Tuesday, May 15, 2007

The Complex World of Male Friendship: All Is Not as it Seems

We all know that women connect with one another better than men connect with fellow men. I'm going to explore for a few days how men do attempt to connect and how one should understand the strange and complex rituals involved in male friendship. Today, I want to talk about the emotional lives of men.

To start off, I should note that men are not less emotional than women. Lots of us believe and perpetuate this popular myth. Well, this blog is just one tiny shot in the dark toward dispelling that myth. If you don't believe me, rent the PBS documentary Raising Cain (engrossing and compelling) or read the book that spawned it or a similar book, Real Boys. That should give you a good start to understanding the emotional lives of boys. You see, it's not that boys don't have emotions, it's that they express them in different ways than girls. Because women express their emotions more strongly and directly, we have made the cultural (global?) mistake of thinking that men have less emotions than women, when in fact some research suggest that men have stronger emotions than women.

Men express their emotions in ways that stamp their whole being, their entire self. There are certainly girls who leave home and chase danger on the street, but if you think about it hard for just a moment, you'll realize that there are far more boys on your average corner than there are girls. Whether you live in the North or South, city or country, rich or poor, you've seen young men sitting on the corner or talking in parked trucks. These men may look to you as if they're all rebel, pure spite, and in some cases they are, but in others, they're just lonely, hurting, wayward boys in search of something they can't quite find. They project an attitude of carelessness and mockery, but the fact that they are airing such grievances with their world publicly shows you that the attitude behind the mask is one of isolation, sadness, and needyness. They want you to see them, even if only for a moment. In the exchange of a fleeting glance with a passerby, there is community, togetherness, connection, if only for a second.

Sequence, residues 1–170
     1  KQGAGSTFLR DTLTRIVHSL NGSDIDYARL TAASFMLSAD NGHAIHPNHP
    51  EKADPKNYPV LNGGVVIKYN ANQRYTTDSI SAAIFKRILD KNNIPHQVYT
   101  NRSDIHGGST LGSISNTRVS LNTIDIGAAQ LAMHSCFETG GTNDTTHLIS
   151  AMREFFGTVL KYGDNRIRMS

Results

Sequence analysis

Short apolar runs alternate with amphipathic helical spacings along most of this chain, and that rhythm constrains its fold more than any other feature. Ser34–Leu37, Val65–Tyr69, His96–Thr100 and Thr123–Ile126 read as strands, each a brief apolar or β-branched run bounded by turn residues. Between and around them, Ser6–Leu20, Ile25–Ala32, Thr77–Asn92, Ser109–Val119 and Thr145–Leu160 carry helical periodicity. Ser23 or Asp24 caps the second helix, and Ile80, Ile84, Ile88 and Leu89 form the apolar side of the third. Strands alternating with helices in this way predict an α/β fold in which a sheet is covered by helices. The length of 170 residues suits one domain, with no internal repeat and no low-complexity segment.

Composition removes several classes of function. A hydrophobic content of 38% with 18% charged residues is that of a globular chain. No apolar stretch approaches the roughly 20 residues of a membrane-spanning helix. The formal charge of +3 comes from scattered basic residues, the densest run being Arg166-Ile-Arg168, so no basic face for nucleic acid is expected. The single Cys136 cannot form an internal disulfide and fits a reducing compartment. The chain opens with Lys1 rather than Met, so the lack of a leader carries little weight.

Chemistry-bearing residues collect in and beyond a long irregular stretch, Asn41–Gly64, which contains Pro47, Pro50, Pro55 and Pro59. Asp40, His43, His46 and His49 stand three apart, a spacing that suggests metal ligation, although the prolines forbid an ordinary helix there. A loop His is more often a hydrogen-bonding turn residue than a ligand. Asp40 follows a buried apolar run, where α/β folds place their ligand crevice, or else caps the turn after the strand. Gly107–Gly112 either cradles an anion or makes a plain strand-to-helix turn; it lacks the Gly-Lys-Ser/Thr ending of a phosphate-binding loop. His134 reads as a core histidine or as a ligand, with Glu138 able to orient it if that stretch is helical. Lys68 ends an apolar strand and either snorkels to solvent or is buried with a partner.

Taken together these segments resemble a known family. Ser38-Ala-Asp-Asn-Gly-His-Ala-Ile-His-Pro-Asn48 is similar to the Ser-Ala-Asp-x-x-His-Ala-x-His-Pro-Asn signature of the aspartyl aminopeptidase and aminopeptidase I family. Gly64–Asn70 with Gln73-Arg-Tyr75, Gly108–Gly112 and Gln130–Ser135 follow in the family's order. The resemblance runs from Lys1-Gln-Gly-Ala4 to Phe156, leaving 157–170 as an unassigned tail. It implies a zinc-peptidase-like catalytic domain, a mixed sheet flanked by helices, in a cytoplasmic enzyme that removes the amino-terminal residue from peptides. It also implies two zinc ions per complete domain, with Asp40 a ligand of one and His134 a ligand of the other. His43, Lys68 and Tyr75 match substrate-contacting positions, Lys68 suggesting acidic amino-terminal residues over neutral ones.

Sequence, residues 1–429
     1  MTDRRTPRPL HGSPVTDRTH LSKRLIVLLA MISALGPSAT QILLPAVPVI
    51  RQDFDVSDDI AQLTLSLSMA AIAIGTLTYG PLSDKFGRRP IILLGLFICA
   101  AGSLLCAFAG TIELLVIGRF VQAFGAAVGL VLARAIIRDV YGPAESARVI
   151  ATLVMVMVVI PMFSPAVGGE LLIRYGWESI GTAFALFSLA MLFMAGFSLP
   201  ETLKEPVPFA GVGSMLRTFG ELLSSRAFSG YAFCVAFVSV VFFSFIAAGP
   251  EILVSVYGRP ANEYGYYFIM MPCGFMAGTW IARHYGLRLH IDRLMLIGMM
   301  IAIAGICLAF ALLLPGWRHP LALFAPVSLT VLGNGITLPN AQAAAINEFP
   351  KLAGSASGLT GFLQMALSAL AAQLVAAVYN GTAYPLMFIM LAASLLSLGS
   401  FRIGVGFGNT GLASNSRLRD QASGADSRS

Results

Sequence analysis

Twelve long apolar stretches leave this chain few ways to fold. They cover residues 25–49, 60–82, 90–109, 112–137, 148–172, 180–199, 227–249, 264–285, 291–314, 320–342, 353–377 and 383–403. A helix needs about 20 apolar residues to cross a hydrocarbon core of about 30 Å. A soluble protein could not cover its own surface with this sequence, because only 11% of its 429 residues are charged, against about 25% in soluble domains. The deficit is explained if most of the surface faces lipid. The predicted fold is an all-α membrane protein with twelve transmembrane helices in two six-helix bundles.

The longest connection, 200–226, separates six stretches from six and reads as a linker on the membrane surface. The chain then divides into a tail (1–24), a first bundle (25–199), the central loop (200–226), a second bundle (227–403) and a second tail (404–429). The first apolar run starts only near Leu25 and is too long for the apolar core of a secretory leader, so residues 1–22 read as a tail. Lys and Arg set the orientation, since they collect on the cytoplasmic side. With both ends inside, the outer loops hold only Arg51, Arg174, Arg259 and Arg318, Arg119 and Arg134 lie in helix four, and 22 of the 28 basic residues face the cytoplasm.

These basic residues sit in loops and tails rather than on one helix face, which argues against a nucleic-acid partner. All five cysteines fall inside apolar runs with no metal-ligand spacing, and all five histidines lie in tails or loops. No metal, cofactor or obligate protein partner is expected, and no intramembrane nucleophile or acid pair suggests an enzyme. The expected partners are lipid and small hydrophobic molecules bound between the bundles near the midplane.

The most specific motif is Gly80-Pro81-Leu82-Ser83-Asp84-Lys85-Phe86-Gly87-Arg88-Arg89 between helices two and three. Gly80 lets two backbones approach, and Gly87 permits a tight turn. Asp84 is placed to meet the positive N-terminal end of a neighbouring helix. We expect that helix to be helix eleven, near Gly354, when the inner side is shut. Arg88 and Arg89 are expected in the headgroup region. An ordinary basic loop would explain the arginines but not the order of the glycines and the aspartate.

Girls call each other on the phone or get together or write letters when they are racked by angst. They become loud or weepy or volatile. Boys more often sulk, skulk, and creep away. When girls become emotional, they often release those feelings quickly, in a burst, with a flood of expression and talking and confession and relief. Boys more often shut up, and walk away, and hammer something, or pound a ball, or walk far, far away. The sexes have very different responses, but boys are no less emotional than girls. They simply express their emotions differently.

I'm not suggesting, of course, that the primary need boys (or girls) have is for companionship. That boy on the street corner is a wretched sinner in need of the grace of God in Christ, and he needs you to tell him about his sin and that grace. Out of a sinful heart and a sinful world, though, has come a great deal of pain and sorrow. If you look for these traits, you'll find them. That boy on the corner, or on the playground, or walking through the mall, is himself looking for something. He's confused, and turbulent, and guilty, and angry. We should not understand him as anything but this. We should reach out to him in kindness, show him Christian love, and share the gospel of grace with him. Remember, his sullen stare isn't really pushing you away. It's actually beckoning you close, and pleading with you for the hope only you--a Christian--can give.


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